A View from Vartou's Window
Hans Christian Andersen
Near the green ramparts that run around Copenhagen is a large red house with many windows. These are garnished with balsams and green leaves, but the rooms within are bare and rude, for poor old folk live there. This place is called Vartou.
Look there! An old maid is leaning out of a window, plucking the withered leaves from her balsam, and looking over the green rampart where happy children are playing. What is she thinking about? A whole life drama unfolds before her mind's eye.
The poor children, how gaily they play! What bright eyes and what red cheeks! But they have neither shoes nor stockings. And they are dancing and playing on the green rampart, on that very spot where, as the old story goes, the ground always sank in until an innocent child was lured with flowers and toys into its open grave, which was walled up even while the child played. Then the ramparts were firm and were soon covered with a garment of beautiful green turf. But the children have never heard that old legend, or else they would hear the poor little one still weeping beneath the mound, and the dew on the grass would seem to them the pearls of her tears.
Nor have they heard the story of that ancient king of Denmark who, when the enemy lay encamped around the city, rode past this very spot, and swore he would die at his post; or how the women and men together poured boiling water down on the white-clad foemen as they crawled up through the snow on the outer side of the ramparts.
Play on, little ones!
Yes, play, little girl, for years pass quickly! Yes, the blessed years! Soon enough will come that solemn confirmation time, when the candidates walk together hand in hand, and you among them, in a white dress which your mother, with much time and labor, has fashioned from her own confirmation dress of long years ago. You will get a red shawl too; it is far too big for you, but at least everyone can see how large it is, much too large. You think about your attire and about the kind Father above. And it is wonderful indeed to walk on the green ramparts after the services.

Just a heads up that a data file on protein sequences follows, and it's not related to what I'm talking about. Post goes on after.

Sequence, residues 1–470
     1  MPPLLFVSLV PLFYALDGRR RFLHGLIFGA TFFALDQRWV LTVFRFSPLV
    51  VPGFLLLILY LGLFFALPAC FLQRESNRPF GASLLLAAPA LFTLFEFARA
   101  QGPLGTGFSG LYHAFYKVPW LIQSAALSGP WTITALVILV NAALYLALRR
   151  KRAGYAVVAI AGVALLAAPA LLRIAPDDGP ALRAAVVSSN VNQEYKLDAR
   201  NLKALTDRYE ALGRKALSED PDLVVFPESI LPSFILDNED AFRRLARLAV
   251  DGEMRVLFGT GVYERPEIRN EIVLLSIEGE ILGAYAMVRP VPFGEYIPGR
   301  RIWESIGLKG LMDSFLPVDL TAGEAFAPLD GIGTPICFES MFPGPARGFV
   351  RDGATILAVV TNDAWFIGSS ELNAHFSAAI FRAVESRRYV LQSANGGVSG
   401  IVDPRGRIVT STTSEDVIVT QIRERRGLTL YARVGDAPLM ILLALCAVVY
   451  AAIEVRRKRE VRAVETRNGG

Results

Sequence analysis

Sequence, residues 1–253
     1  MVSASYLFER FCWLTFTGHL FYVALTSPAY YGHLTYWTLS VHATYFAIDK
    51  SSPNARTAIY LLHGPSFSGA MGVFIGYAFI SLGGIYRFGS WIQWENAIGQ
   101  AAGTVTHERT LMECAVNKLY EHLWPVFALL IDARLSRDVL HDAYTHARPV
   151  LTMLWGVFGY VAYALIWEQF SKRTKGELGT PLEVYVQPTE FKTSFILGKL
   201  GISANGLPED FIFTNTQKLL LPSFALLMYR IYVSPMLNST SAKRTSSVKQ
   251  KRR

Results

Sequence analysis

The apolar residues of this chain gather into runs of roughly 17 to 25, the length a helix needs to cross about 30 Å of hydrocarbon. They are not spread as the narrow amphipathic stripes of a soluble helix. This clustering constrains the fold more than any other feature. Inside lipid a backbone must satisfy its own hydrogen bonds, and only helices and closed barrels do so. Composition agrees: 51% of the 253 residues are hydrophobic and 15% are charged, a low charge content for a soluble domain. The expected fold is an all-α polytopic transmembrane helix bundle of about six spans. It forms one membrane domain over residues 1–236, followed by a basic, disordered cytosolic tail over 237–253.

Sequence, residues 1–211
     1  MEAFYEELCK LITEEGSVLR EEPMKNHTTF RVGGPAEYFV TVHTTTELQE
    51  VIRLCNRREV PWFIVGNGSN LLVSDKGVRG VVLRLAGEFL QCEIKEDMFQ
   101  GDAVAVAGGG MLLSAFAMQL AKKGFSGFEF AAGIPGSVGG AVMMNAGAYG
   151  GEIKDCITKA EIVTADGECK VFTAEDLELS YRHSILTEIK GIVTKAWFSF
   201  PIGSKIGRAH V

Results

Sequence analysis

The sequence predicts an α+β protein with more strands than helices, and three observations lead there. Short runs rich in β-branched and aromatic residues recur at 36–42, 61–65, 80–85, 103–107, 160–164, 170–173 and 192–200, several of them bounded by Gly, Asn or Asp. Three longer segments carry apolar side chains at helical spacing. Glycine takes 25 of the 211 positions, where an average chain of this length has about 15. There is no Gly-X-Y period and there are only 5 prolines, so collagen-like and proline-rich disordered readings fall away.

Then the years roll on; dark days come, but youth is ever hopeful. You have a new friend, you know not how you met. You walk together on the rampart in the early spring, when all the church bells toll out on the solemn prayer day. No violets are yet in blossom, but just outside Rosenborg Castle you pause beside a tree decked with the first green buds of spring. There you both pause. Each year that tree puts forth fresh green shoots; but the human heart does not, and the clouds that pass over the mind of man are heavier and darker than ever the northern skies have known.
Poor child! Your bridegroom's bridal chamber shall be a coffin, and you shall live on, an old maid; from Vartou you shall peer through the balsam blossoms, watch the children at play, and see your own history repeated.
This is indeed the life drama that unfolds before the eyes of the old maid who looks out on the ramparts, where the sun shines, and the merry red-cheeked children sing and play in their bare feet, carefree as the birds of he air themselves.